- When the Space Shuttle Challenger1 exploded shortly after its launch on January 28, 1986, six professional astronauts and one school-teacher were tragically killed. The nation was devastated, and NASA was shaken out of its complacency, brought on by years of successful – or at least nonlethal – space missions.
- A commission was formed, led by Secretary of State William P. Rogers and composed of politicians, astronauts, military men, and one scientist, to investigate the cause of the accident and to recommend steps to prevent such a disaster from ever happening again.
- The fact that Richard Feynman was that one scientist may have made the difference between answering the question of why the Challenger failed and eternal mystery. Feynman was gutsier than most men, not afraid to jet all over the country to talk to the men on the ground, the engineers who had recognized the fact that propaganda was taking the lead over care and safety in the shuttle program.
- His report, which was perceived by the Commission as embarrassing to NASA, was almost suppressed by the Commission, but Feynman fought to have it included; it was relegated to an appendix.
- When the Commission held a live press conference to answer questions, Feynman did his now-famous tabletop experiment with one of the shuttle’s gaskets, or O-rings, and a cup of ice water. It dramatically proved that those key gaskets had failed because the warning of the engineers that it was too cold outside to go ahead with the launch went unheeded by managers eager to impress their bosses with the punctuality of their mission schedule.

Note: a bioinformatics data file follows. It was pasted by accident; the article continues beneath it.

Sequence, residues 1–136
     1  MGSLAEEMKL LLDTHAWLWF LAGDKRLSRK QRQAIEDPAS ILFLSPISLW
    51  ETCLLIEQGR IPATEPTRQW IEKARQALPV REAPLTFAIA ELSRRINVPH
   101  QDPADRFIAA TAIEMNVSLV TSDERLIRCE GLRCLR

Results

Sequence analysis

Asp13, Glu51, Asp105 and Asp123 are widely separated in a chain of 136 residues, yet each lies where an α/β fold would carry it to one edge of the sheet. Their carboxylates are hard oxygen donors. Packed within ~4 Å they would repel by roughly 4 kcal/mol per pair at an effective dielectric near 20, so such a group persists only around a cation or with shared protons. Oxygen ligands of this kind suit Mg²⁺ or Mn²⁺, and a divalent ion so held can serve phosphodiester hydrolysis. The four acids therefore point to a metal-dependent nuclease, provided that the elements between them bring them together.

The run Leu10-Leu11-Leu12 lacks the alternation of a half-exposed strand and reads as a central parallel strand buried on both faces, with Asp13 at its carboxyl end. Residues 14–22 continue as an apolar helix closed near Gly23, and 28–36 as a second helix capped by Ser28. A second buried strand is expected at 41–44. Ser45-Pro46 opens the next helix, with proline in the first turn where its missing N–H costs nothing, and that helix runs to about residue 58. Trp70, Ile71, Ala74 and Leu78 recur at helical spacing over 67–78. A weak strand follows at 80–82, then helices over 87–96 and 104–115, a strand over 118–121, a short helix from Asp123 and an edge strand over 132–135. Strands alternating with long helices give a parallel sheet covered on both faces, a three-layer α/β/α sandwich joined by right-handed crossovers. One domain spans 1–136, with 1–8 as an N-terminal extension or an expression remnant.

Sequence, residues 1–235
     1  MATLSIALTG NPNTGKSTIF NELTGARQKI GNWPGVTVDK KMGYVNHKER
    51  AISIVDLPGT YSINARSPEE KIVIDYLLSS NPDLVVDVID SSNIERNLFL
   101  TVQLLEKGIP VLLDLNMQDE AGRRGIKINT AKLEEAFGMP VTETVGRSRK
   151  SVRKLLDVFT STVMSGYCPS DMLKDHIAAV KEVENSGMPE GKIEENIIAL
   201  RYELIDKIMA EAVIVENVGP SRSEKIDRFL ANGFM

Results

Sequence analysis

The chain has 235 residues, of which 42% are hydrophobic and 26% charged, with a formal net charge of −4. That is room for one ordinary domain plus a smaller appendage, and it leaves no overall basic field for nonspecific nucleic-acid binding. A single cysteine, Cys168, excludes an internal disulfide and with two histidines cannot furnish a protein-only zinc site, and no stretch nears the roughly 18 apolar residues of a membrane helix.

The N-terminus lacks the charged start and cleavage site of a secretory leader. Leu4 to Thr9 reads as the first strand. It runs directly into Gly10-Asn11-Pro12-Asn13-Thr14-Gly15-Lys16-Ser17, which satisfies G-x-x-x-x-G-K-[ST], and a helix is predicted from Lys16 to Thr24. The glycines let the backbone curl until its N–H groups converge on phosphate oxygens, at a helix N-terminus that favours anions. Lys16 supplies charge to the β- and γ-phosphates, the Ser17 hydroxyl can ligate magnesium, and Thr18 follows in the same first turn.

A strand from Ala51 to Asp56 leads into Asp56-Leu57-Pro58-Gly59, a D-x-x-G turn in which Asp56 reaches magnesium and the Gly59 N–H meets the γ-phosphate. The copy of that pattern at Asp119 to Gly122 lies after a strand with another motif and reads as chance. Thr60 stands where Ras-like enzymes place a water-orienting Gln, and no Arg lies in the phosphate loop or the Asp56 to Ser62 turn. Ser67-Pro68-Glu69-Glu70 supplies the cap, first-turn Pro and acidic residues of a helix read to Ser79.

- Here is that historic report.
- I found this report rather opaque - probably because it assumes a lot of background knowledge. The final Conclusion is, however, admirably clear on the need "For a successful technology, reality must take precedence over public relations, for nature cannot be fooled", rather than to stick to deadlines.
- The report doesn't just discuss the O-rings, or even clearly say that they were "the problem", but discusses the whole range of parts and attitudes to testing and safety.
- He makes a good analogy - having survived a (non-)bullet in Russian roulette shouldn't make you more confident of surviving the next "click".
- It was interesting to hear that the software was the best tested, and had the greatest degree of redundancy (four parallel computers cross-checking one another, with a fifth "emergency landing controller"). But, because so much effort and expense had gone into testing it, the hardware and software were by then 15 years out of date (in 1986) - the programs were loaded from tape!
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- Blue: Text by me; © Theo Todman, 2020
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